OGDEN -- Even as Big Sky Conference charter members Weber State and Montana celebrate the league's 50th anniversary, this season has been unlike any other in the previous half-century for either school's football program.
In March, Montana athletics director Jim O'Day and football coach Robin Pflugrad were fired suddenly amid an investigation into the school's response to sexual assault allegations made against students, including football players. Recently retired assistant coach Mick Delaney was named interim head coach, then given a two-year contract in July.
In April, the Wildcats were jilted by head coach John L. Smith, who left unexpectedly to take the Arkansas job just a few months after replacing retired WSU coach Ron McBride.
Weber State named defensive coordinator Jody Sears its interim coach soon after.
WSU will be playing its first home game in nearly a month on Saturday when the Grizzlies come to Stewart Stadium for a 1:30 p.m. kickoff.
Sears says he can see certain parallels in the way the two Big Sky schools were dealt unexpected coaching changes at an unusual time of the season to make a transition.
"Any time a program goes through change, anytime a program goes through adversity, anytime a program goes through a transition, all of the above, there's going to be some ripple effects or some blowback, so to speak, I don't know what you call it," Sears said. "So yeah, there's definitely some similarities from what's happened in the offseason, but for ourselves, we're not going to use that as an excuse for any kind of loss or negative impact. We're just going to use it as a positive and as a tool to learn and grow from and become stronger."
Weber State (1-7, 1-4 Big Sky) has struggled in the aftermath of Smith's unexpected departure, opening the season 0-7 before picking up its first win of the year Oct. 20 against Southern Utah before a bye week. Montana, a perennial league power and FCS playoff team, has also had its challenges with an uncharacteristic record of 4-5, 2-4.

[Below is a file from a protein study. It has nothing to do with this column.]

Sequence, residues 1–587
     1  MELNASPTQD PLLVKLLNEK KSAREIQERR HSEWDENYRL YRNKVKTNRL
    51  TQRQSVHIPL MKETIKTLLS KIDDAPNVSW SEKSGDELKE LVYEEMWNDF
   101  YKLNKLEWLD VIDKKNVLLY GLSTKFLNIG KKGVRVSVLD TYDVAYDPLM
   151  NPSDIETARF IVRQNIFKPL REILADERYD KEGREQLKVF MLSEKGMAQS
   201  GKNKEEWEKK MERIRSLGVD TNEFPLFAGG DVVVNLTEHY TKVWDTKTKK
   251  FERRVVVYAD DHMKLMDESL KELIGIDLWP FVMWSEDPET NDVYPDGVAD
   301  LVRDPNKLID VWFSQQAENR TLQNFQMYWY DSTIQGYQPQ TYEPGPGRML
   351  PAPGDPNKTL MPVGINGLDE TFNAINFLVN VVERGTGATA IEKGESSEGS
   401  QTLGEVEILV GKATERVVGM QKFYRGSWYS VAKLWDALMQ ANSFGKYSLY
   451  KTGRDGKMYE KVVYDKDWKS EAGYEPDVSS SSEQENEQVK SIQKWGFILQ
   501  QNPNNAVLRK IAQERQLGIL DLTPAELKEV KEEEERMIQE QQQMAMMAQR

Sears is familiar with Montana from his days as the defensive coordinator at Eastern Washington and knows the Grizzlies are used to being the big dogs of the Big Sky.
Their struggles this year are "in record only," Sears said. "They're really good. They're big, they're physical, they're fast, they're talented.
"In my opinion, they just reload. They don't have to start things over and rebuild. It seems like they're always reloading. (The record) is the only difference I see, but in personnel, in scheme, all that stuff. You better have your pistols cocked because they're coming to town."
The Griz are facing more challenges this week after starting left tackle Trevor Poole was arrested on felony drug charges, and three others were suspended by Delaney -- center Kjelby Oiland, linebacker John Kanongata'a and linebacker Nick Holt. Oiland and Kanongata'a were both starters.
Prior to the season, Delaney also recognized similarities in what he and Sears are dealing with as coaches to take the reins of a program at an unusual time.
"The way that we've had to handle the staff and players are probably very similar because it's a different personality and different style, not that the offense/defense are any different but just the approach," he said at the Big Sky kickoff meetings in Park City in July.
"I'm sure Jody's approach is different than John L.'s and my approach is different than Robin's. Each guy has to be their own self to make things like that work. I think we have quality kids like Weber State does and the University of Montana does, they are ready to buy in as long as you're doing the right thing, the right way, as long as you're being honest with them. Jody has waited a long time for this opportunity (to be a head coach). I've had the opportunity before and I thought with my situation, no way would they ever let me come back to coach after being retired for six months. But once it happened, the same challenges were there, basically -- get the guys together, keep the staff together, keep everybody on the same page. So the way (the coaching changes at Montana and Weber State) happened, probably not similar, but the results after it happened, probably very similar."